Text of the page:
Do you ever worry what would happen to the contents of your medical fridge if the power went out? Do you have a back-up protection/alarm/annunciation system in place? A common generator for refrigerator is abattery backup generator (aka UPS). However do you know the best size of generator you need for your refrigerator?
To determine the generator size you need for your refrigerator you need to determine the power draw over a reasonable time span, assuming the ambient room temperature is consistent year-round. This can be measured, or the manufacturer can be consulted for the average watts per hour or kilowatts per day.
Once you know the power requirement of the refrigerator and how long a power outage you plan to sustain, a system size can be determined.
Key Things You Need to Know about Refridgerators and Electricity
Refrigerators are not complicated. Refrigerator compressors run on electricity. Electricity is measured in amps or watts which is delivered over time. Power is measured in amp-hours or watt-hours.
The typical 16 cubic foot frost free fridge uses 6 amps per hour of electricity at a voltage of 120 Volts on an average day; equaling 144 amp-hours. The actual amount of power measured in watts per day is usually found by contacting the manufacturer, since it is really the amount of energy loss primarily due to the quality of the insulating materials, and design.
The most common type of fridge is a refrigerant-compressor. A refrigerant, like Freon, is circulated in tubing to remove heat from the interior, cools that location and then is liquefied by the compressor, which heats it and then is circulated in tubing exposed to room temperature. The cooled refrigerant is decompressed, which cools it below room temperature, and then is returned to the internal coils.
The temperature is controlled by a thermostat which controls how often the compressor runs. A typical compressor runs approximately three times an hour for a normal heat load.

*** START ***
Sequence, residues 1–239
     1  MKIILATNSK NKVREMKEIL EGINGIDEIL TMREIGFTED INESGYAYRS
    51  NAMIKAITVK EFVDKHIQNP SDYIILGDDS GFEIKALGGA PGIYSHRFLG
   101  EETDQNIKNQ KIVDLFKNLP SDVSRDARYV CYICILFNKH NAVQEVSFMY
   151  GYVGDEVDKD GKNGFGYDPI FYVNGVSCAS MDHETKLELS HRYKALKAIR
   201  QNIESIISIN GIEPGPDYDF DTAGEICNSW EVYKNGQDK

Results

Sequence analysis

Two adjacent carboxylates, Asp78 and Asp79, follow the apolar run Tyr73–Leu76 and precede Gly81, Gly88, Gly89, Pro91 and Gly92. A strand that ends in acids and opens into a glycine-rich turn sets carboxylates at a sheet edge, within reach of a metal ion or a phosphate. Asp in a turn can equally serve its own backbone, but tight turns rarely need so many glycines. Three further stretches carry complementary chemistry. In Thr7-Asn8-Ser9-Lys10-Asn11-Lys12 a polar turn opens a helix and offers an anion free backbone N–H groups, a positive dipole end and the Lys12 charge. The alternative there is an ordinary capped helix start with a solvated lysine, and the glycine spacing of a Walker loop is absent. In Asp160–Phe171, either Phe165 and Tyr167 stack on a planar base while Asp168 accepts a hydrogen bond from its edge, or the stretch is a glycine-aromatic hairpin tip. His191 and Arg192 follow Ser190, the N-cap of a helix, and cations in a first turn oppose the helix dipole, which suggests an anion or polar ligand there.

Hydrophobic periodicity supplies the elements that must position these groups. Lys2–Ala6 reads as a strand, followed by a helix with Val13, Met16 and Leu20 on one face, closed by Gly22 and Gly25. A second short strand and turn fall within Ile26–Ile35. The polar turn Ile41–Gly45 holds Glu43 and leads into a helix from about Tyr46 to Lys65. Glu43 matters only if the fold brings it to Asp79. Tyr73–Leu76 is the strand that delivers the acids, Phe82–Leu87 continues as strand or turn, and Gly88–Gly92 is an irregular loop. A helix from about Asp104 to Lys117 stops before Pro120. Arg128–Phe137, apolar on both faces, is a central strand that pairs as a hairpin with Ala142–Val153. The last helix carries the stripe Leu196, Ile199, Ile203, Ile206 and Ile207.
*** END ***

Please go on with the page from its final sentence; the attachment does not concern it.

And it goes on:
Powering a Refrigerator from Stored Energy:
A battery generator consumes little energy, has no moving parts needing lubrication, makes little noise, and doesn’t ‘wear out’. The most important part is the battery. Lead-acid batteries are best for stationary situations, since they cost much less than lightweight lithium, nickel, or cadmium batteries. Battery’s power is measured in ‘amp-hours’, which denotes how much power can be dispensed over a useful time period. It should be noted that a battery rated at 100 amp-hours at 12 volts will produce a nominal 10 amp-hours at 120 volts, less the discharge rate efficiency loss (related to time), less the power conversion efficiency loss from DC to AC. The battery’s capacity must exceed the power demand the refrigerator will require for the duration of the power outage. Think of it as a container.
An electronic power converter must be sized for current larger than the ampere draw the compressor will need to start up. This is also called the ‘Locked Rotor Amp’ rating. This may be more than six times the running amp draw. The electronic power converter converts low voltage battery power to 120 volt alternating current. Another essential part is the transfer switch. This will either direct power from the battery to the power converter and on to the refrigerator, or power from the utility to both the refrigerator and the battery recharger.